One of the timeless arguments in sports is this: Russell or Wilt? And there are those who would add this element: Why not Kareem over either of them? For my alltime NBA Dream Team, I choose Russell as the first-team center, Chamberlain for the second team and Abdul-Jabbar as the best 11th or 12th man in the history of the planet. I don't pretend for a minute that Wilt and Kareem would report for training camp under those circumstances, but....
Why Russell over Wilt? Never mind an analysis of those old intangibles like "attitude" or "heart" or "ability to win." Russell gets the nod purely because he's a better fit for my team, which needs defense and rebounding far more than the estimable offensive presence of Wilt or Kareem. It has enough estimable offensive presences. Yes, yes, Wilt and Kareem could do those Russell-type things too—but that wasn't their game. Russell's game began with defense, so there would never be a question of his getting in the way here.
In the way of whom? Baylor. He was the Julius Erving of his time, a showstopping, acrobatic, high-scoring (career average 27.4) forward who also averaged double figures in rebounds in 11 of his first 12 seasons. Bird. It's impossible to compare Bird to anyone because there never has been, and probably never will be, as versatile a forward. Jordan and Johnson. It would take one mean backcourt combo to put the Big O and Jerry West on the pine, and this is it. Jordan can do everything West could do—including, most important, producing in the clutch—while Magic's leadership and unselfishness give him the edge over Robertson. And let's not forget Magic's six feet, nine inches, which make him something of a basketball category unto himself.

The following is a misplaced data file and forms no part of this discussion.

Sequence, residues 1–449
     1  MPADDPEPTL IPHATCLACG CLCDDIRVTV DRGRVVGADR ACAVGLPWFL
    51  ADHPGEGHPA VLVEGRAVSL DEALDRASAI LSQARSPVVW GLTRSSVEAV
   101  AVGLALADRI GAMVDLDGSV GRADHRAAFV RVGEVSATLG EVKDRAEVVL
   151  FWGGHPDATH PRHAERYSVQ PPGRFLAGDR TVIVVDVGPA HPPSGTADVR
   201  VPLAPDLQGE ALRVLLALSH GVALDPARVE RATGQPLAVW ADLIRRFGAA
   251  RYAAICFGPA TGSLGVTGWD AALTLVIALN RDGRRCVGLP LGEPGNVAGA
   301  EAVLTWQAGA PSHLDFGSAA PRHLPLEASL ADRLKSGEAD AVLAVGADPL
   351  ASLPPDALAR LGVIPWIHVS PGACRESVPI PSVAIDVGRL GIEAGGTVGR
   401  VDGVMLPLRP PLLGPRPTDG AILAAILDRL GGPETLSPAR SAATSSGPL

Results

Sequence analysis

Once the first team was picked, the second was relatively easy. The Robertson-West backcourt speaks for itself, as does the "reserve" center. Erving makes it if only for his larger contributions to the game, though he deserves to be here as a player, too. His frontcourt mate, Pettit, was the prototypical power forward, a lithe but bruising player who could score both inside and outside. Rounding out the team are Abdul-Jabbar, who provides consistent inside scoring (which may rank as the alltime understatement), and Havlicek, our Swiss army knife who could play either forward spot as well as shooting guard. I wish there was room for Bob Cousy and for Charles Barkley, but....
October 27, 1992
And I wish, finally, that there was room for two coaches, but given the egos of my two candidates, it would not be possible. Though Arnold (Red) Auerbach has to be considered in any discussion of alltime coaches, I choose Riley. In an era when it was difficult even to reach the NBA Finals in consecutive years, Riley won four championships and finished second three times with the Lakers. And considering his fix of the Knicks last season, he may well win a few more. Besides, I need an L.A. guy to tell Kareem that he's only on the third team.
G: MAGIC JOHNSON, L.A. LAKERS
G: MICHAEL JORDAN, CHICAGO BULLS
C: BILL RUSSELL, BOSTON CELTICS
F: LARRY BIRD, BOSTON CELTICS
F: ELGIN BAYLOR, L.A. LAKERS
G: JERRY WEST, L.A. LAKERS
G: OSCAR ROBERTSON, CINCINNATI ROYALS
C: WILT CHAMBERLAIN, PHILADELPHIA/S.F./L.A.
F: BOB PETTIT, ST. LOUIS HAWKS
F: JULIUS ERVING, N.Y. NETS/PHILADELPHIA 76ERS
MILWAUKEE BUCKS/L.A. LAKERS
JOHN HAVLICEK, BOSTON CELTICS
COACH: PAT RILEY, L.A. LAKERS/N.Y. KNICKS